This is all excellent!

In the next section on “Accountability and Decision Making” the framework goes on to cover what is meant by accountability and the purpose of any decisions. It reminds us that the primary purpose of government is to provide services that enhance or maintain the wellbeing of citizens and other eligible residents.

It keeps getting better! If only this was recognised as the primary purpose of private entities as well.

“The discharge of accountability obligations will also require the provision of information about such matters as the entities’ service delivery achievements during the reporting period.”

Good, but let us see where this goes. Performance in terms of increasing or maintaining wellbeing would be great, but if it is limited to reporting on indicators of activity and outputs, then not so good. And, in fact, later an example of information needs is provided that includes performance in meeting service delivery objectives. Which unfortunately excludes any other consequences arising in pursuit of those objectives…

But despite a framing in terms of wellbeing, and effectiveness in maintaining and enhancing wellbeing, something odd suddenly happens and that all vanishes. Suddenly, the standards leave wellbeing behind and focus on the financial position, the financial performance and cashflows. This, though, is only part of the information that is needed to make the stated purpose and user information needs. It is as if two different groups were involved in drafting: public policy people started and then handed over to financial accountants. Yes, it is important that public bodies account for how they have used resources, but this is only part of the objective. What we also need to know is how effective the use of those resources was in enhancing and maintaining wellbeing.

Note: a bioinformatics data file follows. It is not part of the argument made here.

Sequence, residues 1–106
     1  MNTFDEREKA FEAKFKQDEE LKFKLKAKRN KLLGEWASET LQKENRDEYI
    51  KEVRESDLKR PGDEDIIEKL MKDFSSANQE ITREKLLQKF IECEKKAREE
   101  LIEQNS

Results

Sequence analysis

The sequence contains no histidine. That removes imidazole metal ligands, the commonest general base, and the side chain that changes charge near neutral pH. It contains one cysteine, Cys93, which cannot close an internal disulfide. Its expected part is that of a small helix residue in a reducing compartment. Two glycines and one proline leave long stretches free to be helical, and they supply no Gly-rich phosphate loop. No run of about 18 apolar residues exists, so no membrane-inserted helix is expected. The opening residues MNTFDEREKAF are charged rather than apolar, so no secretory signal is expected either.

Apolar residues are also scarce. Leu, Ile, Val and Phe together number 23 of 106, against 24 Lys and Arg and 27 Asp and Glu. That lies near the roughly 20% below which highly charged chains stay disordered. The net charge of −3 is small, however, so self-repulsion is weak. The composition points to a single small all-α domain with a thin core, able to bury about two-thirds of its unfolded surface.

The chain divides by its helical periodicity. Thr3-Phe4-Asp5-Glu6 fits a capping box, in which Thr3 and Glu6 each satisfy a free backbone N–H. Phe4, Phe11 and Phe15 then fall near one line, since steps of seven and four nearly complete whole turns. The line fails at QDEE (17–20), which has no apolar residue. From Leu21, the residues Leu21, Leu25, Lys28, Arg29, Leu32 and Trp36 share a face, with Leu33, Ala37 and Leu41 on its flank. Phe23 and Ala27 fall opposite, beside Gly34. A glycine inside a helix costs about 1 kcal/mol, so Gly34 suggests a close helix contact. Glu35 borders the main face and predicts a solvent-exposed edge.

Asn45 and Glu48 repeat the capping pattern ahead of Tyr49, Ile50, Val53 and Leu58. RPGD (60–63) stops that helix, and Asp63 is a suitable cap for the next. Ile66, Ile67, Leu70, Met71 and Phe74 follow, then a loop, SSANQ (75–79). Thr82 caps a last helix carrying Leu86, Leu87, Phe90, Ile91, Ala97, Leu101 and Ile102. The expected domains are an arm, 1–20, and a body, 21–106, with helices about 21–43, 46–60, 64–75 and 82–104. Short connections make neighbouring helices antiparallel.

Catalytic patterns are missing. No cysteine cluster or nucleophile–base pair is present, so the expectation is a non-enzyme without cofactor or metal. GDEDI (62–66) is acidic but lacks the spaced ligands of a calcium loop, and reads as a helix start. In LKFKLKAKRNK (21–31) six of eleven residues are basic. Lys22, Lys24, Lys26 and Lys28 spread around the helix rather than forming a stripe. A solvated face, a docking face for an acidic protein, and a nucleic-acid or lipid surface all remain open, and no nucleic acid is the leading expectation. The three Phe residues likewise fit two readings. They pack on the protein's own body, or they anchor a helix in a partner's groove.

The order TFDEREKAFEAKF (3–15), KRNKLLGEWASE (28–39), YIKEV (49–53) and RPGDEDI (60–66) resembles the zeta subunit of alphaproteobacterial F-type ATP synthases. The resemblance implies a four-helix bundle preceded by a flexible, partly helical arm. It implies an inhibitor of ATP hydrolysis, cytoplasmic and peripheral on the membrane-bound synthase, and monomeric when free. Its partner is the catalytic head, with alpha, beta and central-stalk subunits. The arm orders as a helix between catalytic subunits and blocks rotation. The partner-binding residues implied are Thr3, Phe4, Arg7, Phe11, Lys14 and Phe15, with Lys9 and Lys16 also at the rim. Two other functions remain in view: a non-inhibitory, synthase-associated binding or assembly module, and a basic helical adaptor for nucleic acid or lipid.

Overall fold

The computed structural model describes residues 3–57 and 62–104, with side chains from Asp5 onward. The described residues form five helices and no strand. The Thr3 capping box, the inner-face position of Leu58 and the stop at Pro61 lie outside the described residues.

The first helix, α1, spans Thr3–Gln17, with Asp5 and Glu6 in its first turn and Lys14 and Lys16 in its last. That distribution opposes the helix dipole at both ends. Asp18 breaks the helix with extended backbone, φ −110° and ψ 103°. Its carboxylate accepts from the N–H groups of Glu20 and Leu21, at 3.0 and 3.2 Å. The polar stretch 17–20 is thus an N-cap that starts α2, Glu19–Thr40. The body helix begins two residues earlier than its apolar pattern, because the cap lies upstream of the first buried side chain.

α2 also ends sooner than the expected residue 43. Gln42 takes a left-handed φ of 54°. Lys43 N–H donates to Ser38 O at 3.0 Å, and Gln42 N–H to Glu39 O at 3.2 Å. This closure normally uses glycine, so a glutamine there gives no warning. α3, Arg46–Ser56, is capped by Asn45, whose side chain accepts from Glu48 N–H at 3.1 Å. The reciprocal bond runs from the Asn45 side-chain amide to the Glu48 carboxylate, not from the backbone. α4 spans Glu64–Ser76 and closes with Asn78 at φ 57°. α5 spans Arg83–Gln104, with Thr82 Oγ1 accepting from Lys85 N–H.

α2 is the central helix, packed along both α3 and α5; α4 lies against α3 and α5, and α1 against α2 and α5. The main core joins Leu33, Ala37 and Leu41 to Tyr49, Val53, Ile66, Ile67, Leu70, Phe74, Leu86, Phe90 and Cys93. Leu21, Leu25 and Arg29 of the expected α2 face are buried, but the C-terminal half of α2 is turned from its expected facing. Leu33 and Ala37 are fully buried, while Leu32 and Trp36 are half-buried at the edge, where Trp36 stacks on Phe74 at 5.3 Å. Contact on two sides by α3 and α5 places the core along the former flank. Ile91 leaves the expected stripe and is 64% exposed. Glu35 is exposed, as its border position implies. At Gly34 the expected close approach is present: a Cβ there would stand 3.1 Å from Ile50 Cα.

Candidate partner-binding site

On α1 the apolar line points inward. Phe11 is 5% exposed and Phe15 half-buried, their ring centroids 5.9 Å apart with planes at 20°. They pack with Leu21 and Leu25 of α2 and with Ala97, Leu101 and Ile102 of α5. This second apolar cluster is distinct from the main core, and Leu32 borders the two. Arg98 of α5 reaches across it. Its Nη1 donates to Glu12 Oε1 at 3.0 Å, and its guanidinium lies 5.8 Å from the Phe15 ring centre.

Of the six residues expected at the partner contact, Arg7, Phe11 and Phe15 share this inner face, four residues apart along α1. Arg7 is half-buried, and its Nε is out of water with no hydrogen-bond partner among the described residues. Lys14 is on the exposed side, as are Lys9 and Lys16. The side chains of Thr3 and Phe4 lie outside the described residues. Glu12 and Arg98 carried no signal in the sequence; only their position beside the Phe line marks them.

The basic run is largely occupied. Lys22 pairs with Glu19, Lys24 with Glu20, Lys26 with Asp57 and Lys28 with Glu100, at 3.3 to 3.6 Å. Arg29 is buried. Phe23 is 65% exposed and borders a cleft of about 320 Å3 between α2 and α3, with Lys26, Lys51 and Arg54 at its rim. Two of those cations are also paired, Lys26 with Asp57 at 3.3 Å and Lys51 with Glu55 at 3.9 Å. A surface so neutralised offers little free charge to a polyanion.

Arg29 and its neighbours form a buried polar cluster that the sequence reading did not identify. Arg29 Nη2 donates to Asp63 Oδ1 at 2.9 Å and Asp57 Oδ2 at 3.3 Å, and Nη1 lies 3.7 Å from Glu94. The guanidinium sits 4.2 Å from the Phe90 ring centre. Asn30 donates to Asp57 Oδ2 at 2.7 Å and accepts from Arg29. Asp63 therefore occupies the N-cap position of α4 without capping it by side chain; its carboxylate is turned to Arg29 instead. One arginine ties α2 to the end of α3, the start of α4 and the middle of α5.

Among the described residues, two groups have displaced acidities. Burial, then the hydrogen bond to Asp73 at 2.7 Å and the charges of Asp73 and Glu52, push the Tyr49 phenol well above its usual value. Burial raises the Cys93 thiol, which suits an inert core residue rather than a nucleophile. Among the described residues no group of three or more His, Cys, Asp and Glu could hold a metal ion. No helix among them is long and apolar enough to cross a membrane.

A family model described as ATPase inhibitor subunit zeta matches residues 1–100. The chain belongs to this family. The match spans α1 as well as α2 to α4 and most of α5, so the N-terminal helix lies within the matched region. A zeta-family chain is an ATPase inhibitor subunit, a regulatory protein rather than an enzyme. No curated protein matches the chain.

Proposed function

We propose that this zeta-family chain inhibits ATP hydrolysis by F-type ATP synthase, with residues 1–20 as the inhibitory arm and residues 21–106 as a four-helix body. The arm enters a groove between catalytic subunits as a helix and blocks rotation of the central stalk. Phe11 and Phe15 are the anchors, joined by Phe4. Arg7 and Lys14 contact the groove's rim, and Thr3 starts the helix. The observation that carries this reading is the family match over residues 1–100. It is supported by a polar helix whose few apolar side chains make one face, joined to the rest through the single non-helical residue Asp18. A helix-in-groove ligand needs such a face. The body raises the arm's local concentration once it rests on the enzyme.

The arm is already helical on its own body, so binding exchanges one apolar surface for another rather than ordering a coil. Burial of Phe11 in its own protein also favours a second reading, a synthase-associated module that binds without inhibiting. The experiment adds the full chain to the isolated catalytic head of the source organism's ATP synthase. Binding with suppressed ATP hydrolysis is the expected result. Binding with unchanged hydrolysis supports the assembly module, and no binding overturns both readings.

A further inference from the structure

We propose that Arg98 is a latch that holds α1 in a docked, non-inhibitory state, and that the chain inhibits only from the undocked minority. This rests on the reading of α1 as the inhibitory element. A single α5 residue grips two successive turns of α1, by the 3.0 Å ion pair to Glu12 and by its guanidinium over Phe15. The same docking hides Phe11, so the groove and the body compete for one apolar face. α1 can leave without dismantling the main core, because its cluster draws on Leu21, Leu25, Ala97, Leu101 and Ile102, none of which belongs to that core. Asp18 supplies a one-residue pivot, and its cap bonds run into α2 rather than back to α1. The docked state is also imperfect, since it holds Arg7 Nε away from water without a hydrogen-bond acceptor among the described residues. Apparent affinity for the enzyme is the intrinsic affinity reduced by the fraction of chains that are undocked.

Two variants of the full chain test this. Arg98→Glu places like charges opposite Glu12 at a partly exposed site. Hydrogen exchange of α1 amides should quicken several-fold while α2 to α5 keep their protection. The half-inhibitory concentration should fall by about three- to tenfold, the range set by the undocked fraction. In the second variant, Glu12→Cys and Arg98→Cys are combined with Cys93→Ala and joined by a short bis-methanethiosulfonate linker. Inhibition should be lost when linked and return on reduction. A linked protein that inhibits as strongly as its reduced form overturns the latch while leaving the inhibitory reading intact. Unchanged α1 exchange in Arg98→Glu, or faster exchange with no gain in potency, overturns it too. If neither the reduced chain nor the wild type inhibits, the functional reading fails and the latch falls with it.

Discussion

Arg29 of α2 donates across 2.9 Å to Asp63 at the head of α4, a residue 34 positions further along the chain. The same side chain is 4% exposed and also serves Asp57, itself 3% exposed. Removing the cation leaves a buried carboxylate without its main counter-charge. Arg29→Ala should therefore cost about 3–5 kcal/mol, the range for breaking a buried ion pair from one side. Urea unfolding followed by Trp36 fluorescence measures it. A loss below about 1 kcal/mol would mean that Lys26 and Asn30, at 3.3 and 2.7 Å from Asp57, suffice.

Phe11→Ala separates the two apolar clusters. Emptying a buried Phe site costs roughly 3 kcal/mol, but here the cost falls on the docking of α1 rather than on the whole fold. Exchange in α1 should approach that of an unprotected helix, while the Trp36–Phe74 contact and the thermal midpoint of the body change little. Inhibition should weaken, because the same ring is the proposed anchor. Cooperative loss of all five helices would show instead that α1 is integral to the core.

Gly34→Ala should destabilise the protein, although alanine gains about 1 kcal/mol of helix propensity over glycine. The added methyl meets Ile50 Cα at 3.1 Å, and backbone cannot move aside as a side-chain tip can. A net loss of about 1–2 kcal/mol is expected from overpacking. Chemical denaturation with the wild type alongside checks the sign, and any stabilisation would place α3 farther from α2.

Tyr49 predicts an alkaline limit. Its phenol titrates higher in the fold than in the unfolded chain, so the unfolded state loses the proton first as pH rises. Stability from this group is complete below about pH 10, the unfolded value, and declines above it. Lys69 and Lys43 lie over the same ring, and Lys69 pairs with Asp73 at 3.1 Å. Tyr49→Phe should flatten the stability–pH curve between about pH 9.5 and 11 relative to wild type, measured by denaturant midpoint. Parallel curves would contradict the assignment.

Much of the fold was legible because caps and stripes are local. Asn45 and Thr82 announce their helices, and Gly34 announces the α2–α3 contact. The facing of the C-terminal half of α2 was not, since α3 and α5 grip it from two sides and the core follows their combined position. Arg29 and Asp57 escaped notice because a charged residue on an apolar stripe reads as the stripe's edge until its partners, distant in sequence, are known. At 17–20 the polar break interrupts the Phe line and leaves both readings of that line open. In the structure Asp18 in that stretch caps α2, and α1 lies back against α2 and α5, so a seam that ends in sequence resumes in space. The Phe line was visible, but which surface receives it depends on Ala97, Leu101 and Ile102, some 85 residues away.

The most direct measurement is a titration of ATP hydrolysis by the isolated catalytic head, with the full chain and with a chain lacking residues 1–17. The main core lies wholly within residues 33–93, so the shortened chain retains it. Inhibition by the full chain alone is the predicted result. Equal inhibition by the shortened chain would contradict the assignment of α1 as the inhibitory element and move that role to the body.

Wellbeing first